Cherry, a student at Arizona State, created the clinic with the idea to provide a fun camp that excluded no one. He got the necessary inspiration from his fiancée Monique Chapman, a fellow Arizona State student who is majoring in special education, and from the Challenger baseball program, which provides baseball to kids with disabilities. The camp is fulfilling his internship requirement for his major at Arizona State.
"I have seen camps before that are for specific disabilities, and I wanted to make sure that we were accepting of everyone and held a camp that was accessible to everybody," said Cherry.
The camp is being held on Mondays, Wednesdays and Fridays. The admission to the camp is free, thanks to the sponsors it has received.
"We have very generous sponsors," said Cherry. "Crow Canyon has supplied the courts, West Coast Sporting Goods provides every kid with a T-shirt, and Prince makes sure everyone has a racket to use."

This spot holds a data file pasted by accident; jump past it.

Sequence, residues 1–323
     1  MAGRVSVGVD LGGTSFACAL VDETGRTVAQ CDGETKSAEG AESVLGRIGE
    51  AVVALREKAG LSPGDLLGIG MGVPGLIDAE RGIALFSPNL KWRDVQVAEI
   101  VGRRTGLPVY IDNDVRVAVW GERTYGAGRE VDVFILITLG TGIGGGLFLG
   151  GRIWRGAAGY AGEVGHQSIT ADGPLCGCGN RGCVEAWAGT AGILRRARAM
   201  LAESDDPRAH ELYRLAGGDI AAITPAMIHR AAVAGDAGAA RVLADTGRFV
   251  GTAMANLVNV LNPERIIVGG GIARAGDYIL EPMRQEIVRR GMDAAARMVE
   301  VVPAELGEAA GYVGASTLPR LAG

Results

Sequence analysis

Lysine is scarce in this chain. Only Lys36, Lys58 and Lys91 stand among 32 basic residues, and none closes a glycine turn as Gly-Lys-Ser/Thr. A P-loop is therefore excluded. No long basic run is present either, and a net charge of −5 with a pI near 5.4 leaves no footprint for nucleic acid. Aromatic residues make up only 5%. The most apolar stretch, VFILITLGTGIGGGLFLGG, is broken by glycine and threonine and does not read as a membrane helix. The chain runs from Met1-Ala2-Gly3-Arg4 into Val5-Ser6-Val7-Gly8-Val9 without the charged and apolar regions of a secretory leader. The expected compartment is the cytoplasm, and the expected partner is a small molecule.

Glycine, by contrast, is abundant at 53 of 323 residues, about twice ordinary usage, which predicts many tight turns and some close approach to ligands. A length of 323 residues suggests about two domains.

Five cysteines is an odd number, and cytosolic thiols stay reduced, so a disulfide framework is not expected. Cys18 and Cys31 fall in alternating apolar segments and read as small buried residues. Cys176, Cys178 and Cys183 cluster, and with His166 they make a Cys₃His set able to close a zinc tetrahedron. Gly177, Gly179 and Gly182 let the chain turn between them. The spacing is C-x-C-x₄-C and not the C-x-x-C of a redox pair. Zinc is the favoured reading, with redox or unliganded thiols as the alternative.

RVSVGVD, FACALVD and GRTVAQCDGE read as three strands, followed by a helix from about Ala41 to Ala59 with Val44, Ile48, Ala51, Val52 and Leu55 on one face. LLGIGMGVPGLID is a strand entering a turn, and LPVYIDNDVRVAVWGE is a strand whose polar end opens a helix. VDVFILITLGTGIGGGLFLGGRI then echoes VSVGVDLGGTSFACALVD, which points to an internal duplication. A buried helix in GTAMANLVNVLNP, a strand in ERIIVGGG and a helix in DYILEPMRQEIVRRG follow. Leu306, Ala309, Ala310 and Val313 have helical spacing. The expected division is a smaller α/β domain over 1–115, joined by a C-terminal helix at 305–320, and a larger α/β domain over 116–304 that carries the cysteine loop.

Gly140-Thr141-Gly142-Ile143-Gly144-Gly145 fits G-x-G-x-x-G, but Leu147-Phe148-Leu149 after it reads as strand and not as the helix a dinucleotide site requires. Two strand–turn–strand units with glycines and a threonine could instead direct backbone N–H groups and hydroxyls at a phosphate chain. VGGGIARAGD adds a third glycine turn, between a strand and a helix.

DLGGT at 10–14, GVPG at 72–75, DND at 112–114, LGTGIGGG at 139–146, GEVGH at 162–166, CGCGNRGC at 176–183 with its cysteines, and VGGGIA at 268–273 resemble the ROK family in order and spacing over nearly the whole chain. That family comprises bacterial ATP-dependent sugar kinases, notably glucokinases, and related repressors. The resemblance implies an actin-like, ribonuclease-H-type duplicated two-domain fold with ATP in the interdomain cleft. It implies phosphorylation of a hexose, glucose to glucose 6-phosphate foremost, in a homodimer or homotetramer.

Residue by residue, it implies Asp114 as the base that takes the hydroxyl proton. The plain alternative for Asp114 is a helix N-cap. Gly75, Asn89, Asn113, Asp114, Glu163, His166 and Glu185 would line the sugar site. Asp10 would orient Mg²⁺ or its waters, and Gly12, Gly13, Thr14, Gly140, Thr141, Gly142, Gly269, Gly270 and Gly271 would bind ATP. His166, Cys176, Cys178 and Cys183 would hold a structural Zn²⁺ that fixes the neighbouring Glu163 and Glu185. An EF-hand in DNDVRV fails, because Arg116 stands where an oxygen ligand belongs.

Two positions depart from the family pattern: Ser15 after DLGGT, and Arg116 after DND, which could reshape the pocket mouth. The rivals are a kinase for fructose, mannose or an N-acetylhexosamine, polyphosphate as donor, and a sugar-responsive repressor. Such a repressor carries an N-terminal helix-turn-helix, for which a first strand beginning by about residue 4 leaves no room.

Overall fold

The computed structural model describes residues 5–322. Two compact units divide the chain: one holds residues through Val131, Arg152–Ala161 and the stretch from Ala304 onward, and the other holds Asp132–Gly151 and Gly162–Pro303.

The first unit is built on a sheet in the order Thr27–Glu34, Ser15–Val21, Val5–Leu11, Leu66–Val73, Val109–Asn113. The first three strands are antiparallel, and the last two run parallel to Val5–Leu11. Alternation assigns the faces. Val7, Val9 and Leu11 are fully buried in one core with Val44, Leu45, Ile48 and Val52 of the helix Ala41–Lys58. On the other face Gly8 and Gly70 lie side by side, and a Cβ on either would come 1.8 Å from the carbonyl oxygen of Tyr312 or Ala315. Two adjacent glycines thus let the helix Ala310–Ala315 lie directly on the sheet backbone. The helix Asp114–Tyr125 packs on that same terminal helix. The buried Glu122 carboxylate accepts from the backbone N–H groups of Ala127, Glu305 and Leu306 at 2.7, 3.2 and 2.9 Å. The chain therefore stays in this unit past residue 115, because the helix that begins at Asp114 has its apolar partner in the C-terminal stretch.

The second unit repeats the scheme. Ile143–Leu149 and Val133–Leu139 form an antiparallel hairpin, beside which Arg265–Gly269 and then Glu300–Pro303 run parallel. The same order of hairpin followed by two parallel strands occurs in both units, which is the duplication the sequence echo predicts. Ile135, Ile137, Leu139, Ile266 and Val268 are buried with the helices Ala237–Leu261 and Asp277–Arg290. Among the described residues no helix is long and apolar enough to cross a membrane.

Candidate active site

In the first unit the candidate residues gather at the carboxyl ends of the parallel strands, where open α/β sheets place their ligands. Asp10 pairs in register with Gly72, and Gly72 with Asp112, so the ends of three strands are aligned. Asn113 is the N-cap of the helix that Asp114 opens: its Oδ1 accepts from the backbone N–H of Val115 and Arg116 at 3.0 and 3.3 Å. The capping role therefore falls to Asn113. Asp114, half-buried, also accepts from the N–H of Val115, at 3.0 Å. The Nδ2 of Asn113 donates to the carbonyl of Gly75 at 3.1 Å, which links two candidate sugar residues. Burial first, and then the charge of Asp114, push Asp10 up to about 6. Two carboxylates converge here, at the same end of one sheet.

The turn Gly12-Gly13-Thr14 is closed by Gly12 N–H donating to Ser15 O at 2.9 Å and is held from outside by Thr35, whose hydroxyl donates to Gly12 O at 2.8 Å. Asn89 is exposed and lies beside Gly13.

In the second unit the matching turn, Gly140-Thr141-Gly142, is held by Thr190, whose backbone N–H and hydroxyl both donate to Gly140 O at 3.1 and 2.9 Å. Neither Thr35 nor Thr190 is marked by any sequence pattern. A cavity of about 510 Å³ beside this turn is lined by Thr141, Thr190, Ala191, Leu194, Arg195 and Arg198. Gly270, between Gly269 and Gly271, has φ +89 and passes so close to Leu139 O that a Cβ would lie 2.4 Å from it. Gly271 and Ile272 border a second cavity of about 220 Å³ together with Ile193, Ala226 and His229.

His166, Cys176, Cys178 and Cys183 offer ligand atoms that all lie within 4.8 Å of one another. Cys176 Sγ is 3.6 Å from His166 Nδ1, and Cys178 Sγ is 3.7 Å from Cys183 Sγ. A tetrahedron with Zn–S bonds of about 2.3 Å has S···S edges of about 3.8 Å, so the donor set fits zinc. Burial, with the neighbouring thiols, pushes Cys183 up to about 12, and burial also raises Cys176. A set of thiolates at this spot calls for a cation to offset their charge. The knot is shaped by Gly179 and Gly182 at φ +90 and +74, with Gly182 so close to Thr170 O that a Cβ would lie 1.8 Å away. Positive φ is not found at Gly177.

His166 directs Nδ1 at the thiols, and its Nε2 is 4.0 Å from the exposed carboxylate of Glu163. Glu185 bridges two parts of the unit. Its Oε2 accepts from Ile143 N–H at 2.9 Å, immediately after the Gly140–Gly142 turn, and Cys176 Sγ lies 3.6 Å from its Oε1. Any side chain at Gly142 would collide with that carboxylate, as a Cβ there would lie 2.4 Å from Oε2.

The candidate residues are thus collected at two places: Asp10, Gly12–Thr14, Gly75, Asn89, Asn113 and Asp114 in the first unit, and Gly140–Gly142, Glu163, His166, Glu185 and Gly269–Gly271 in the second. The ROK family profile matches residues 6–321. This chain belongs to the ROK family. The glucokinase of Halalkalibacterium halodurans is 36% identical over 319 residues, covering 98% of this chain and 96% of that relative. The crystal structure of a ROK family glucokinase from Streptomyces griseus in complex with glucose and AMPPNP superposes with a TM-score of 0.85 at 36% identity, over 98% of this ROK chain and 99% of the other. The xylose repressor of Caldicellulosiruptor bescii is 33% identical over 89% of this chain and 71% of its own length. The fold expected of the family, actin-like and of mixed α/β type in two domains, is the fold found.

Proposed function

The camp lasts about 45 minutes and is run by Cherry, Crow Canyon Country Club tennis director Steve Ward, a group of local high school volunteers and a couple parent volunteers.
Just like with any athletic endeavor, the camp begins with some stretching to prevent cramps and help muscle growth, and then switches to the kids getting chances to take some swings with their rackets.
The camp will be taking about a month break but will return in September and be run by Steve Ward and Monte Vista High School student Mark Meyer.
"This is not only a wonderful experience for the campers who really deserve it, but it's also a great experience for the high school volunteers who have not had as much experience with this," said Cherry.